There’s also the P6.5 billion “LGU support fund” also released through DAP which was justified as a buffer for the cut in the IRA share of LGU’s. The support fund was set up for “LGU’s requiring financial assistance to implement projects under a prescribed menu”. This definitely stinks like pork. LGU’s lining up to the DBM and DILG to get “financial assistance”? Good old-fashioned patronage politics.

There’s the P8.592 billion ARMM Transition and Investment Support Plan that covers “improvement of service delivery performance, creation of enabling environment for PPP towards equitable growth, improvement of public safety and security, cleansing the electoral system etc. This DAP allocation is supposed to be implemented by several agencies. The very description of the project raises a lot of questions on its legitimacy.

Still on the DILG, there is the P250 million Performance Challenge Fund that claims to be “People Powered Community Driven Development”, an empowerment fund that covers “various capacity building activities for the poor and participatory poverty action planning and budgeting projects in crafting local anti-poverty plans in the poorest municipalities. The project is jointly undertaken with the DSWD and NAPC. Pork, this time in the guise of poverty alleviation.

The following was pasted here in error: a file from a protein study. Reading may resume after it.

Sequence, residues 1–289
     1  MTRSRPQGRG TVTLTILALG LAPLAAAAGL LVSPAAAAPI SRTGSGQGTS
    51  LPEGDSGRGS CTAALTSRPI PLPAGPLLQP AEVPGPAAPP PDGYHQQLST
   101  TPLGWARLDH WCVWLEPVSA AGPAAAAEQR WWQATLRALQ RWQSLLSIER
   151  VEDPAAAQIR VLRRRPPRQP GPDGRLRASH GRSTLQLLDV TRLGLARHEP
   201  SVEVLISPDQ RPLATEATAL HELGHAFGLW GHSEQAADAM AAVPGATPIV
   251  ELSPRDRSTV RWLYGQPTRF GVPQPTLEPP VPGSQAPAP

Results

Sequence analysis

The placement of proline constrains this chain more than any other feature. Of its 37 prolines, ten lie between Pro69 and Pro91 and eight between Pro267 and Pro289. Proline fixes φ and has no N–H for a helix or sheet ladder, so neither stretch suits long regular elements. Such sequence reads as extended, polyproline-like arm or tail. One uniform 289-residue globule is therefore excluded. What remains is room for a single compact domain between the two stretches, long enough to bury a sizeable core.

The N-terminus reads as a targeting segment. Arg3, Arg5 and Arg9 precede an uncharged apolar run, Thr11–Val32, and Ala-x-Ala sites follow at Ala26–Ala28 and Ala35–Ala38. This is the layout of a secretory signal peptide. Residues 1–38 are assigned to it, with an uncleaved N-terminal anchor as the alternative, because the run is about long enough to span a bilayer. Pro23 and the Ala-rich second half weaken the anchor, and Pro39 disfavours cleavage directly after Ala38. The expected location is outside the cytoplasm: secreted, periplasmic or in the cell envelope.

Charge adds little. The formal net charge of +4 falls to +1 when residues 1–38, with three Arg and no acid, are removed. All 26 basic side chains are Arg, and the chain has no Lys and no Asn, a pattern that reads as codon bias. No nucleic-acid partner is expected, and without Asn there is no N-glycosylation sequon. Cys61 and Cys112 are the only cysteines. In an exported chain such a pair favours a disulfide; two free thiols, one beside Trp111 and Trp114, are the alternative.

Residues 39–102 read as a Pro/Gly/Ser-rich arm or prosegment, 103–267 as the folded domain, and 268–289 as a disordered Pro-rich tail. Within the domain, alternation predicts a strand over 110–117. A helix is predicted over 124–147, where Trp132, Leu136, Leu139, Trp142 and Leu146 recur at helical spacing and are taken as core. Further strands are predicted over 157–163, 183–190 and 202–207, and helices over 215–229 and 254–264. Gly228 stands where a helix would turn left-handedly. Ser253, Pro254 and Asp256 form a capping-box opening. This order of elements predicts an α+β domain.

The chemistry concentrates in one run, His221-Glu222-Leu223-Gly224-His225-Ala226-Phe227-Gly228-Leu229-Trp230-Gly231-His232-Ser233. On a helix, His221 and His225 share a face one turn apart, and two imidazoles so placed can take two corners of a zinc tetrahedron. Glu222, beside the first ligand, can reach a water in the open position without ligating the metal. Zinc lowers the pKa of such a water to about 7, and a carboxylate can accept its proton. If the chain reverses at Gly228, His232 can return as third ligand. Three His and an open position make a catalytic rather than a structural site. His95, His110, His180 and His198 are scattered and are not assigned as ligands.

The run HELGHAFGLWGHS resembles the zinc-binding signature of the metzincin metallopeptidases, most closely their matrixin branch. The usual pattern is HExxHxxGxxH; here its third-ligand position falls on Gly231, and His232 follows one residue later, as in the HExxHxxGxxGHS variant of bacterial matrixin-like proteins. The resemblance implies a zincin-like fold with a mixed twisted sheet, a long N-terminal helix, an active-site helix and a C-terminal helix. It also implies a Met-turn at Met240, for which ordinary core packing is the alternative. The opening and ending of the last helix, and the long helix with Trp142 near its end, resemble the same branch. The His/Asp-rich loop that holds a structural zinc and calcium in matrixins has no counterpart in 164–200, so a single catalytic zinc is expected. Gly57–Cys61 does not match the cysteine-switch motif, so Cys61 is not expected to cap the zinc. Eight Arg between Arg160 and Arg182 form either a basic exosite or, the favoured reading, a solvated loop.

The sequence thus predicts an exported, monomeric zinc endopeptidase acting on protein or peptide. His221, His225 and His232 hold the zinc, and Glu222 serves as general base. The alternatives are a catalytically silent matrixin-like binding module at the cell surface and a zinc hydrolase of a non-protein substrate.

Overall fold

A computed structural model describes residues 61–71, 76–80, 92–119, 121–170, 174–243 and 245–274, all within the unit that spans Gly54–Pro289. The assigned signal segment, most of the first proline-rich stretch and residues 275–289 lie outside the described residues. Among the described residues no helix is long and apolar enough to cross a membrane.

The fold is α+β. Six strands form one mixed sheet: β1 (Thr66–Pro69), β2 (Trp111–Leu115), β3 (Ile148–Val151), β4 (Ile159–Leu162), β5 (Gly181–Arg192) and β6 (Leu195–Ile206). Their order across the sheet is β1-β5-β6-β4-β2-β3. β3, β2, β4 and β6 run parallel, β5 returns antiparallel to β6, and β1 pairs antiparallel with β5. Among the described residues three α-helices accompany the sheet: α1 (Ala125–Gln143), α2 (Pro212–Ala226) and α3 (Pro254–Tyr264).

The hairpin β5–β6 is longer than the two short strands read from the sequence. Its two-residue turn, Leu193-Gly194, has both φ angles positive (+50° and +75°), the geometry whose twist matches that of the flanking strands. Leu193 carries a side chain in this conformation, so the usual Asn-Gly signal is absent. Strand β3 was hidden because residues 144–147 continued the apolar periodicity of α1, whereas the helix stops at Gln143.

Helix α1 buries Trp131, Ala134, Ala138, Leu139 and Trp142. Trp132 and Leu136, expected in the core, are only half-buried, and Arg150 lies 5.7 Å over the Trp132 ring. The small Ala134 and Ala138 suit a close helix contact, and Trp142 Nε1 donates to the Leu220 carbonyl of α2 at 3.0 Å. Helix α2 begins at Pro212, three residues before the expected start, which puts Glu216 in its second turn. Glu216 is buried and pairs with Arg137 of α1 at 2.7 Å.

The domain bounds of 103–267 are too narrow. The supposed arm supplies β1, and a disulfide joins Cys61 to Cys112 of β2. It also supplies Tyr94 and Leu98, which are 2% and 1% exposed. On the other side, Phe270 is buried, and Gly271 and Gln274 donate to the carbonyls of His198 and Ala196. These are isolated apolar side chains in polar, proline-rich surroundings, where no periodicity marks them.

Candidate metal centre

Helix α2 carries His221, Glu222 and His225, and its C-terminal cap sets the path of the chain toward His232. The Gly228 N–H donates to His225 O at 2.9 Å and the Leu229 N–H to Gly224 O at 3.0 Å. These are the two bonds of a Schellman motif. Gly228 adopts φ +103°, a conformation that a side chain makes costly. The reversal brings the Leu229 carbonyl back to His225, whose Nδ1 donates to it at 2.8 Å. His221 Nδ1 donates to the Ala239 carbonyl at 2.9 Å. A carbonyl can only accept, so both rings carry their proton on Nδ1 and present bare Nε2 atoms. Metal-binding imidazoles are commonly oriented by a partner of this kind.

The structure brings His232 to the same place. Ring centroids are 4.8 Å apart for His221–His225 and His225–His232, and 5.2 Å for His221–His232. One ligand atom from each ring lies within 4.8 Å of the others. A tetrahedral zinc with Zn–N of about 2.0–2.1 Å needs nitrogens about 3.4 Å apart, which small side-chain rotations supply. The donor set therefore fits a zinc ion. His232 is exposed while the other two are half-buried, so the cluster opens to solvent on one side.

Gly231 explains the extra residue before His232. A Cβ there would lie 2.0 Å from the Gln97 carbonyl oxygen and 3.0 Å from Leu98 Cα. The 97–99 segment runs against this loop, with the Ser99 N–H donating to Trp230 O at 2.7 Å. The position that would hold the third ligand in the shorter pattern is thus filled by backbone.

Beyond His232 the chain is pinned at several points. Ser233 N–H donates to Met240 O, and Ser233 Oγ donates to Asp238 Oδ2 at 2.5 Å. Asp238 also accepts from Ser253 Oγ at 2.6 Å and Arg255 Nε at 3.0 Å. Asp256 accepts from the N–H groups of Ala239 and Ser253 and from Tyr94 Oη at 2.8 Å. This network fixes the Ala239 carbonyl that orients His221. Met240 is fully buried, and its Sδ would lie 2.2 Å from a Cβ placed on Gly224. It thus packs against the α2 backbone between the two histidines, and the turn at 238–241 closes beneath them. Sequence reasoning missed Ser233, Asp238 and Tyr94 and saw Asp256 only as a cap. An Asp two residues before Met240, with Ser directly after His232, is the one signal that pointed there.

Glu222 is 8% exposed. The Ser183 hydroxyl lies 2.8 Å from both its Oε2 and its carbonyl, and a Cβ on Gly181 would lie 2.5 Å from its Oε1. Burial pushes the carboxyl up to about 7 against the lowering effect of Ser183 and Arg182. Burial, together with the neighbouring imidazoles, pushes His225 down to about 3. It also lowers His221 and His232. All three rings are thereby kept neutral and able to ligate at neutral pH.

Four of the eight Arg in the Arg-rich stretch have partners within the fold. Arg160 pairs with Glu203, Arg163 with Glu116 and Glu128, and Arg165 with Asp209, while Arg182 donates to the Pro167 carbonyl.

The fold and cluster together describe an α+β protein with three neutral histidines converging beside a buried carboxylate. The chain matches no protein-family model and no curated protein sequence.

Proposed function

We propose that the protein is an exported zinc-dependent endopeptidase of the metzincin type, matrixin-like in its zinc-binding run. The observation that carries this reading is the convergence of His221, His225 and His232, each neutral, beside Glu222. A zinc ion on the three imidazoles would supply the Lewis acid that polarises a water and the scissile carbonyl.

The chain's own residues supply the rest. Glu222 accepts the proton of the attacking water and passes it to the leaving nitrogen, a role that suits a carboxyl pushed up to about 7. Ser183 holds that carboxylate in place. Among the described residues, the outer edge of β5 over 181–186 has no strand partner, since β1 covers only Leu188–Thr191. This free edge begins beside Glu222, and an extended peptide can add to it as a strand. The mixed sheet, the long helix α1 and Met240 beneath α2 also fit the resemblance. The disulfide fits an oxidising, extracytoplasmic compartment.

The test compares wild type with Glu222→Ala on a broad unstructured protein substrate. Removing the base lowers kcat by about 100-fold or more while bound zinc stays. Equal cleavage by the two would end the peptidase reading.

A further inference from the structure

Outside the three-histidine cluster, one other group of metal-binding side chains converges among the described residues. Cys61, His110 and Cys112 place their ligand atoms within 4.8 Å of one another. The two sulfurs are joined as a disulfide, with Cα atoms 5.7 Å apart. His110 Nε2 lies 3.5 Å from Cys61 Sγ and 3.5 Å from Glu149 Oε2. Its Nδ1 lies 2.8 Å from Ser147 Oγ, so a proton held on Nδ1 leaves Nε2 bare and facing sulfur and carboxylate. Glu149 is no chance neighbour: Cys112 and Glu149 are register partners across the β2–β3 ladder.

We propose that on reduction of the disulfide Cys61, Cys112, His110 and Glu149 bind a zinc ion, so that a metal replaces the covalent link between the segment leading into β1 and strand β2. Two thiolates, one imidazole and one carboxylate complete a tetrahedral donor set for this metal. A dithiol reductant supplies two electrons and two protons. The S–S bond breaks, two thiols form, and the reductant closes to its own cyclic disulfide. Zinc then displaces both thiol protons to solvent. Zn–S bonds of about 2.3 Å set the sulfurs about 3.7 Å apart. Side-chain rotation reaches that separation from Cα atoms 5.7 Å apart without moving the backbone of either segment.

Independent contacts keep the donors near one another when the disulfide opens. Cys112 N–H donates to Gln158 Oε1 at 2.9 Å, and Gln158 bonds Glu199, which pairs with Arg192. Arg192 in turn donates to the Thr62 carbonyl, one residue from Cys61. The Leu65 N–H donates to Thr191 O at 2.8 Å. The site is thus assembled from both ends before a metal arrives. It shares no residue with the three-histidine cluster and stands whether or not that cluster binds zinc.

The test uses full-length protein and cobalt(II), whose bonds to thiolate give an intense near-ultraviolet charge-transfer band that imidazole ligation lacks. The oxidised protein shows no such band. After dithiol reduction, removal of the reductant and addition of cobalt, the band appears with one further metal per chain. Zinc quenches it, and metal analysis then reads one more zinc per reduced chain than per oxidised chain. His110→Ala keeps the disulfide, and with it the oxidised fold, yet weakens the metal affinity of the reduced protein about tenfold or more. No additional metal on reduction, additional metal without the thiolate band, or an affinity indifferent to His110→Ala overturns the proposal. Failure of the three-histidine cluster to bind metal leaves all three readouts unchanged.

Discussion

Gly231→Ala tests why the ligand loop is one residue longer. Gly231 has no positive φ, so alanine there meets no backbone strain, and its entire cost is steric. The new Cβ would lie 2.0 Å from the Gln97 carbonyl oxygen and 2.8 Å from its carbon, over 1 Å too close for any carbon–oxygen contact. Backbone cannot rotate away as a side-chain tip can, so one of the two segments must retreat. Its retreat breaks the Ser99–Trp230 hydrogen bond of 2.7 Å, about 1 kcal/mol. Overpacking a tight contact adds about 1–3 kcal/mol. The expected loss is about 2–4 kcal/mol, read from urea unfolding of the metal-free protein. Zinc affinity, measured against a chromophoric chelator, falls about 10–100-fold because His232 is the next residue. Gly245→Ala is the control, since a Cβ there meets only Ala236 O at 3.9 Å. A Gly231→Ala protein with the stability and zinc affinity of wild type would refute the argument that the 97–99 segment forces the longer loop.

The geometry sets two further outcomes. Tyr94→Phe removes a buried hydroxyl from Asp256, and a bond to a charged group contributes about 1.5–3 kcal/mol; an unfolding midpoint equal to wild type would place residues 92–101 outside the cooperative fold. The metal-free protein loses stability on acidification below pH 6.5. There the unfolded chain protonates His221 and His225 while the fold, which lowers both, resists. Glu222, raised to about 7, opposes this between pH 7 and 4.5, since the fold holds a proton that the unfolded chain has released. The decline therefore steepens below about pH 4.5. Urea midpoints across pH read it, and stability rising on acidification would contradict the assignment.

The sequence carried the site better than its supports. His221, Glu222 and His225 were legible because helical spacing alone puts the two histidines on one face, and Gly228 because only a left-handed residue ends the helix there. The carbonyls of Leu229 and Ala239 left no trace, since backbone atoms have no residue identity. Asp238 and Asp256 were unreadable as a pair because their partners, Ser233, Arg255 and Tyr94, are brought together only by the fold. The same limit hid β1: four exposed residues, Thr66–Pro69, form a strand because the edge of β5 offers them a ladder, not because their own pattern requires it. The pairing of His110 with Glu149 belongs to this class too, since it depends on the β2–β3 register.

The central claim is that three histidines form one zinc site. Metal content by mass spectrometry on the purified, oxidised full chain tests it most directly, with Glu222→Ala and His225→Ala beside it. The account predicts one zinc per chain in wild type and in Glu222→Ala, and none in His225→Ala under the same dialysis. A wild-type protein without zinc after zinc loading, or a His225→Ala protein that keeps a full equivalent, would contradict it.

Residents of North Triangle in Quezon City should know that P11 billion was supposedly allotted for in-city housing for “20,000 informal settler families”, along with the construction of a Medium Rise Building in Camarin, Caloocan. We should find out the status of this housing project, especially in the aftermath of the very violent demolition of residents recently. Are they even aware that an MRB project is waiting for them in Caloocan?

To illustrate where congressional and presidential pork intersect, there is the DAP to cover PDAF projects, under the title “Various Other Local Projects”, worth a whopping P6.5 billion. This will be used to augment presumably existing projects already funded by PDAF. That DAP is used to augment graft-ridden PDAF projects shows how this program cannot be but part of the system of corruption.

It gets better for 2012.

In a memorandum to the President dated June 25, 2012, Abad  again sought authority to utilize government savings (DAP) for “big ticket projects” such as the “National Road Projects” in the President’s home province of Tarlac amounting to P2 billion.

Abad also recommended the use of DAP to fund the fraud-tainted Tulay ng Pangulo para sa Kaunlaran project which began under the Arroyo administration. Around P1.8 billion was recommended for this, where P500 million will be sourced from DAR. These bridges are supposed to help farmers, but may have ended up, like in the past, bridges to nowhere.

Abad sought authority to use pooled government savings to fund “urgent” and “critical” projects such as a P5 billion Tourism Road Infrastructure Project, and again the so-called “priority local projects” nationwide amounting to an additional P8.295 billion.